Now, on the cusp of the official App Store and 2.0 firmware launch and ensuing flood of iPhone/iPod touch native applications, we owe a moment of acknowledgment to the folks who refused to take "Safari" for an answer when it came to making iPhone applications: the jailbreakers and community toolchain developers.
Not to take anything away from the diligent work of the Mobile Safari application developers -- many of their results, including TUAW fave Hahlo, stand up well against desktop apps -- but it's hard not to feel some degree of astonishment when a few (sometimes fractious) loosely-affiliated bands of hackers, with some help from our friends, start from the barest hints of access to the iPhone's system and create castles floating on air.
Scores of applications (some great, some not-so) including music, games, dictionaries, utilities and not one but two complete or nearly-so ports of the BSD subsystem, complete with sophisticated software deployment capabilities, are currently available for jailbroken iPhones and iPod touch handhelds. This is a notable body of work, and what makes it more surprising is that it's been done over the course of one year, absent any support from the device manufacturer (to say nothing of active discouragement) and with no particular financial incentive to proceed. This is hacking in the original, non-pejorative sense: diving into the innards of the coolest gadget under the sun to figure out how it works and how far you can take it.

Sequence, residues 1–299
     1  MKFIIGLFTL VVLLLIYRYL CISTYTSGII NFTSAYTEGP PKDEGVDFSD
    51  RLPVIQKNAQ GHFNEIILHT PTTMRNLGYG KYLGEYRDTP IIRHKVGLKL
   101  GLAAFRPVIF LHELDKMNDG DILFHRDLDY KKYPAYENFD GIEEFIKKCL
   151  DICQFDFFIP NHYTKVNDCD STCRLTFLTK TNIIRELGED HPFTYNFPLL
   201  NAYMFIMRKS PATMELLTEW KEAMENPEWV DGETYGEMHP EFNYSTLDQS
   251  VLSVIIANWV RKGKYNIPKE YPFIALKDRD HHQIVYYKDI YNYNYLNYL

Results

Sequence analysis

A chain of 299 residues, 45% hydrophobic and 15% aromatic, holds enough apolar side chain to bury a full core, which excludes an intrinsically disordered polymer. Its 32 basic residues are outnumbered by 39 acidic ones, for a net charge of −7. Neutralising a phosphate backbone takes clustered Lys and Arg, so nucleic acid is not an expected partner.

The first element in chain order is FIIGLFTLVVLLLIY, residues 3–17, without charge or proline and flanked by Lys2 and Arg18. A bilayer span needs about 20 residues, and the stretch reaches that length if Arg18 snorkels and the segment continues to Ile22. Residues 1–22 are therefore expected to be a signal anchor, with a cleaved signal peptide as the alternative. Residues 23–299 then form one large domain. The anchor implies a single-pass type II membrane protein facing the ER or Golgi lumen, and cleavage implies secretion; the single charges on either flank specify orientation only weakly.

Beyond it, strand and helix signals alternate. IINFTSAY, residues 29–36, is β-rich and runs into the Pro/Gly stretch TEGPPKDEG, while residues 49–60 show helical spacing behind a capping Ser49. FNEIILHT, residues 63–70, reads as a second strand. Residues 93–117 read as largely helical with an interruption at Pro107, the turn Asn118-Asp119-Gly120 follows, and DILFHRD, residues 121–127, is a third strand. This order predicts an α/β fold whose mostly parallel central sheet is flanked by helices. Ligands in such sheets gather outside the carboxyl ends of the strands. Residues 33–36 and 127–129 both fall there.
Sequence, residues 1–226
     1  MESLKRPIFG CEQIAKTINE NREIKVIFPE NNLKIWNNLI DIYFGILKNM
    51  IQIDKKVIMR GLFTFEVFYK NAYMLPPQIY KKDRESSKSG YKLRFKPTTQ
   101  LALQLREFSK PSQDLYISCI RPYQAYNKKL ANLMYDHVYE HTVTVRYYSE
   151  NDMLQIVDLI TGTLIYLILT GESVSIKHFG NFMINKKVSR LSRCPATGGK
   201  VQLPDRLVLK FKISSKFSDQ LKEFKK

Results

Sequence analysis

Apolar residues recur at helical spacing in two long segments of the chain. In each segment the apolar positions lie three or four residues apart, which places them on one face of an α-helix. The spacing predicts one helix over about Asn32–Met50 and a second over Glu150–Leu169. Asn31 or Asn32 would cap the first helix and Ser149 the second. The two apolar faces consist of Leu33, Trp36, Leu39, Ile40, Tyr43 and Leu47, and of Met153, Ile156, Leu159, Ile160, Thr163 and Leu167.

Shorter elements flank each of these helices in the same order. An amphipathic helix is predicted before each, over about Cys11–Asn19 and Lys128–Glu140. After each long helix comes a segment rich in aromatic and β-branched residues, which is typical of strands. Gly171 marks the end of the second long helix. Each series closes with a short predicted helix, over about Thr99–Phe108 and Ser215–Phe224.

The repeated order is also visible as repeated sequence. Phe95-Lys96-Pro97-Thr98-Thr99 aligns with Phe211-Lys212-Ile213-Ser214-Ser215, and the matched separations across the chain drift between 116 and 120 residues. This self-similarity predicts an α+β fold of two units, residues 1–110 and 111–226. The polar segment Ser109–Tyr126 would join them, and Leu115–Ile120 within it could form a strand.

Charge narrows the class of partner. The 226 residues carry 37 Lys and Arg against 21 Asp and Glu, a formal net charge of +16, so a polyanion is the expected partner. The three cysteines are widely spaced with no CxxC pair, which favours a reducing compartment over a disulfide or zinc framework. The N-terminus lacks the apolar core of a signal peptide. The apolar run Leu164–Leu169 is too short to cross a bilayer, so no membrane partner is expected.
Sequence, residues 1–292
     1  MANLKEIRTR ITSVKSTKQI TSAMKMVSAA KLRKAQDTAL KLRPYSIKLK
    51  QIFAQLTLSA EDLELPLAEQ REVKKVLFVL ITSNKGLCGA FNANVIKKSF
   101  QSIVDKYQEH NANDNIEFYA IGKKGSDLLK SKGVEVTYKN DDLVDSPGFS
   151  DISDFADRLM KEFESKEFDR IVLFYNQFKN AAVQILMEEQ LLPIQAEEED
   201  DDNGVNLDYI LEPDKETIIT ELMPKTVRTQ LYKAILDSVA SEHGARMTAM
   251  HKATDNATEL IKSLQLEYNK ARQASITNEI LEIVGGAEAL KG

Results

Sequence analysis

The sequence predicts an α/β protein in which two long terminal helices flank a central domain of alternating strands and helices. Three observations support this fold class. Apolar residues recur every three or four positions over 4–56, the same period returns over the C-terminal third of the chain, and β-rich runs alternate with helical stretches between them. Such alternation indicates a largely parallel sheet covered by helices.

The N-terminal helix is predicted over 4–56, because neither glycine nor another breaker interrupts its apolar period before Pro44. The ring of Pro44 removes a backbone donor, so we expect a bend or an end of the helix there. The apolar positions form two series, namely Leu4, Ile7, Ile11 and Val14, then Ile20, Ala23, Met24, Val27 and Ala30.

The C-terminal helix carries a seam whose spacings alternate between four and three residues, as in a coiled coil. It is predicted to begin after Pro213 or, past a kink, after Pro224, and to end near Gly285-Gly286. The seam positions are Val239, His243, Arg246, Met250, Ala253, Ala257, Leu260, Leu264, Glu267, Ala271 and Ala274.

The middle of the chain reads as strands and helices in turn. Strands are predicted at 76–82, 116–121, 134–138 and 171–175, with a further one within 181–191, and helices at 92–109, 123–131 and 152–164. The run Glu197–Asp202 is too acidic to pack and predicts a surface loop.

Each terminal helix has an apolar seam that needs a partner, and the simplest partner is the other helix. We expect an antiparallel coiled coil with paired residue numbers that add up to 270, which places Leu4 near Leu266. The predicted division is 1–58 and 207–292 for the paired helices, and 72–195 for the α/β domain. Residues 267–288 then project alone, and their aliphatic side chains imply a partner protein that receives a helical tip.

As exciting as the App Store is, there's a bit of wistfullness amidst the hype and enthusiasm; we are replacing the grimy, rough-edged and self-sustaining Times Square of iPhone application development with the sanitized, "Disney/Apple" reworking of the original. Knowing that a substantial fraction of the jailbreak app developers are under 18 and cannot legitimately join the authorized development program until they come of age, we can only hope that the energy and enthusiasm they brought to the iPhone will not be lost to another mobile platform.